New Jersey Devils: Re-evaluating Our Thoughts On Patrick Moynihan

Patrick Moynihan #9 of Providence College Friars (Photo by Richard T Gagnon/Getty Images)
Patrick Moynihan #9 of Providence College Friars (Photo by Richard T Gagnon/Getty Images) /

After easily making Team USA for the World Juniors, it’s time to rethink our evaluation of Patrick Moynihan.

Just over a month ago, Pucks and Pitchforks released their Top 25 prospect rankings. It shows where all the New Jersey Devils prospects land when looking at them as a whole. Some prospects went up, like Yegor Sharangovich who was originally ranked 24th. Others went down. Some who weren’t ranked at all likely need to be re-evaluated. The Devils prospect pool is deep, so there are some decent names that were left off the list entirely. One of those names was Patrick Moynihan.

To be fair, Moynihan is a hard prospect to evaluate unless you’re watching full games. He impacts the game in a way that doesn’t always hit the score sheet. Two years ago, he had 46 points with the US National Development Team Program. Last season, he put up 21 points in 34 games for Providence College. Those numbers are fine, but it’s hard to remove players with upside like Jaromir Pytlik or Daniil Misyul from the prospect list to add a guy with intangibles.

This is obviously a mistake. We spoke with current ESPN prospect expert Chris Peters on Wednesday’s edition of the Let’s Go Devils Podcast. He told us that it was not only clear that Moynihan would make Team USA at this year’s World Junior Championships (his current head coach is the head coach of Team USA after all), but that he will play an important role.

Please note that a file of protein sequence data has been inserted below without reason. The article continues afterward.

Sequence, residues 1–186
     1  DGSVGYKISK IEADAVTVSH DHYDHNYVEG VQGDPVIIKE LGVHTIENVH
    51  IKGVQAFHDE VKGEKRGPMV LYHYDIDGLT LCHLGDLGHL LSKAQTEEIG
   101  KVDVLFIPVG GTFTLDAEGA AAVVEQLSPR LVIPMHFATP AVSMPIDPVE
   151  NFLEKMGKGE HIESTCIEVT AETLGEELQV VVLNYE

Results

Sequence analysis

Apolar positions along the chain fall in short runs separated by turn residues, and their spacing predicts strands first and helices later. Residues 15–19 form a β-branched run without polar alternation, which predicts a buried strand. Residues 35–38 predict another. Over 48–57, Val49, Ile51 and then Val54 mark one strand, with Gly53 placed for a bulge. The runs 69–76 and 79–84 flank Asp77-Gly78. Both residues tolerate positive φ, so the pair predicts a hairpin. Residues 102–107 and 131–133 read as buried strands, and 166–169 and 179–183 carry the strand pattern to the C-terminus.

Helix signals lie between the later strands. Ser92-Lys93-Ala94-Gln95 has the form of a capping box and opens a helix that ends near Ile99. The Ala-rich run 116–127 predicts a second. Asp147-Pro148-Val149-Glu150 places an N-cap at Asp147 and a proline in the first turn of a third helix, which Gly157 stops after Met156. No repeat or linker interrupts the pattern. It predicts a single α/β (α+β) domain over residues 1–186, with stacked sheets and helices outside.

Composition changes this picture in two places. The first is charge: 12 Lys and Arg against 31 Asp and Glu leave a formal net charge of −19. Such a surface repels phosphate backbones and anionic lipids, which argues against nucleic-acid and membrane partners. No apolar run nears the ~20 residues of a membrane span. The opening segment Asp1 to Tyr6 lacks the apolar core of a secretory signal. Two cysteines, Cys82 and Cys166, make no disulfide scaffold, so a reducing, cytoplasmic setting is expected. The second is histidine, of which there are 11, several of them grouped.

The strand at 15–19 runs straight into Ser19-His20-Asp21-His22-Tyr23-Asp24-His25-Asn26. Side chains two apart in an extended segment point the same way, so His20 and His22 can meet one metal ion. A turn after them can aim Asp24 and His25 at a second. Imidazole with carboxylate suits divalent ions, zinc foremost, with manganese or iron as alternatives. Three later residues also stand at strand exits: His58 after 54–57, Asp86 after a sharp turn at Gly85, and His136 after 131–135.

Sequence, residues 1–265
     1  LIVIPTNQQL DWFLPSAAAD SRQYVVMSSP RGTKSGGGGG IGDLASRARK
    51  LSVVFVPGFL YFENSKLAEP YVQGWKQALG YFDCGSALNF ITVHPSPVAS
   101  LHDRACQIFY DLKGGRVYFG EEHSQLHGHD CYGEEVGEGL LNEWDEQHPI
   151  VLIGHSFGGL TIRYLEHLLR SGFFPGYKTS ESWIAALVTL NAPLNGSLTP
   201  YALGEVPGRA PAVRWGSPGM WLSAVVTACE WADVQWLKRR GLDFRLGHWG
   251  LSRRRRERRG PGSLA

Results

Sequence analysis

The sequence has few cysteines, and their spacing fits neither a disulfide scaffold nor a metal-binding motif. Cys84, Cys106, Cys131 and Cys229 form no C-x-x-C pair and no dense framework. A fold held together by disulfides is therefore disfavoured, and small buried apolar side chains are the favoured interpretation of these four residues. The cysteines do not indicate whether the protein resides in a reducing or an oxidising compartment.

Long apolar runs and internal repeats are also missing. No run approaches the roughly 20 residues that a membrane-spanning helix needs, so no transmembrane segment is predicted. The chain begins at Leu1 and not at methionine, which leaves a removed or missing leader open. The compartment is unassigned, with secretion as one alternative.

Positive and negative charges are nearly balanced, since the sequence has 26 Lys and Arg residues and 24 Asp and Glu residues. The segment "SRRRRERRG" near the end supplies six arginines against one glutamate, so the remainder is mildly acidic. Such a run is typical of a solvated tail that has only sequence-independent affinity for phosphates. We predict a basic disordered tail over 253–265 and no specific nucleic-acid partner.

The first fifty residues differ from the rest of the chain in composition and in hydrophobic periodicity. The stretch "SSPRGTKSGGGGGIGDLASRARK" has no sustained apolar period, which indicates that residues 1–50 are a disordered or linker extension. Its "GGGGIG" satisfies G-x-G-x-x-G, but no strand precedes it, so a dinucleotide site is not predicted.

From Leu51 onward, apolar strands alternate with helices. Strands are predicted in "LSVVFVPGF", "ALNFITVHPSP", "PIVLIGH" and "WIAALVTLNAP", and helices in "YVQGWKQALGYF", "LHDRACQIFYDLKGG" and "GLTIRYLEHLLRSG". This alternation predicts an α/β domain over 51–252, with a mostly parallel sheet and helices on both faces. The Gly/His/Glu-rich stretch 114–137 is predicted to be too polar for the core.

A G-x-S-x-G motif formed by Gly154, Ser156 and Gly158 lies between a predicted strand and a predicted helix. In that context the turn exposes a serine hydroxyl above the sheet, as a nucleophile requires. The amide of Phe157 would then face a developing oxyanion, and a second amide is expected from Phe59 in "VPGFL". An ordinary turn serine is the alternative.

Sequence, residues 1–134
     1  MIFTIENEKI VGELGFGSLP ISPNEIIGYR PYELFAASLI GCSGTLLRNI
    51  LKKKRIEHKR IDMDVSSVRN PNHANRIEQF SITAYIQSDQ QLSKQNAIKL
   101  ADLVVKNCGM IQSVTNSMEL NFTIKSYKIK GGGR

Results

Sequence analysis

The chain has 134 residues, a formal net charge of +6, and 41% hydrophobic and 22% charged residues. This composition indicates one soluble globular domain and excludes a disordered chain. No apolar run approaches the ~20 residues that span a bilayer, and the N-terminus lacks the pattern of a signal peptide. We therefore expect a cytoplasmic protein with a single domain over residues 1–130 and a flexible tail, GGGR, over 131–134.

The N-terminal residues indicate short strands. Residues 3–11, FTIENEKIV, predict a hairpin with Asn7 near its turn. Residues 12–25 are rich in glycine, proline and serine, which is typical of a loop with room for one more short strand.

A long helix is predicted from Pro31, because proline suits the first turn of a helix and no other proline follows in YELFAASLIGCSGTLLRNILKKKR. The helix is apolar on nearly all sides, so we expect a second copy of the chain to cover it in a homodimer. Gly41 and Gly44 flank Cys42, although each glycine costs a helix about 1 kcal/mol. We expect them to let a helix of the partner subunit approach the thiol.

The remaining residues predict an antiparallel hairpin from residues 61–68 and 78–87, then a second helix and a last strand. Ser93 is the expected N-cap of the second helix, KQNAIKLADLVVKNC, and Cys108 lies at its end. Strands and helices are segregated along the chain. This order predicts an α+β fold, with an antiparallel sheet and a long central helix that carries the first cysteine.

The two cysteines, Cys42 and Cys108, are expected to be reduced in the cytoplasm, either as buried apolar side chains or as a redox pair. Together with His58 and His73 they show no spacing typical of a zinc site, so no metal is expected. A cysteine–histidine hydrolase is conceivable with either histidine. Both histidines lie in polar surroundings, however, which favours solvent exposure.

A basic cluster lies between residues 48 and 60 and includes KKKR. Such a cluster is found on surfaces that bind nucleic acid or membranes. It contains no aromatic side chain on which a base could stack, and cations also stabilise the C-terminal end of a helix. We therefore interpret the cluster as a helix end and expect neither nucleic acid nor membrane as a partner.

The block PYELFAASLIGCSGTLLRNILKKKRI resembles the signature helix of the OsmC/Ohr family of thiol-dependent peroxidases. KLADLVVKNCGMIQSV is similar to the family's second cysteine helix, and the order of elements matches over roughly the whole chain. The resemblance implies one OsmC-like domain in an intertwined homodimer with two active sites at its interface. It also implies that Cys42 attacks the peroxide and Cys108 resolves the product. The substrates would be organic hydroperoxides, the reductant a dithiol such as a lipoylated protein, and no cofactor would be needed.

Peters went on to say that Moynihan is going to be relied upon differently than he is playing for Providence. During this seven-game tournament, Moynihan will be relied upon for matchups against some of the best U20 players in the world. It’s clear he has a great work ethic that will lead to opportunities at every level. He’s not the most skilled player on Team USA. That much is obvious. However, he has a lot of what coaches love and much of that translates to the next level.

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Speaking of next level, where does that put the projection of Moynihan overall? Obviously, he’s harder to project than say Alexander Holtz or Jesper Boqvist, both of which need point production to be successful in the pros. Moynihan needs to do more of the dirty work. There are a lot of players who can do that at the game’s mid-levels like the NCAA and World Juniors, but then struggle when it comes to the speed of the NHL.

Moynihan has been improving his game every year. This is what is truly important. He has a similar skillset as players like Blake Coleman and John Madden. Those are wonderful names if he makes it to that kind of production, but there are a lot of college players with a similar skill set that never make it. His development is extremely important to his future.

It’s clear that the Devils got an absolute steal when they drafted Moynihan in the 6th round last year. He was expected to go in the 3rd or 4th-round range. He fell to the Devils, and now they can watch as they reap the benefits.

He’s really good on his skates. He can move around the ice with ease, and there’s a fluidity to him. The best part of Moynihan’s game is the ability to play up and down the lineup. Do you want to pair him with Jack Hughes? He’s done that already. Is he better to play fourth-line minutes and stop opponents on the power play? He’s been there, too. Does the team need a goal in a desperate way? Moynihan can sneak in and score while defenders focus on players with “more skill”.

Moynihan still needs two to three years to really see what he’s going to be. Still, he deserves a lot more hype than he’s been given. That includes us at Pucks and Pitchforks. Despite the plethora of really good prospects in the Devils’ organization, Moynihan could still sneak through and be one of the few that become an NHL regular.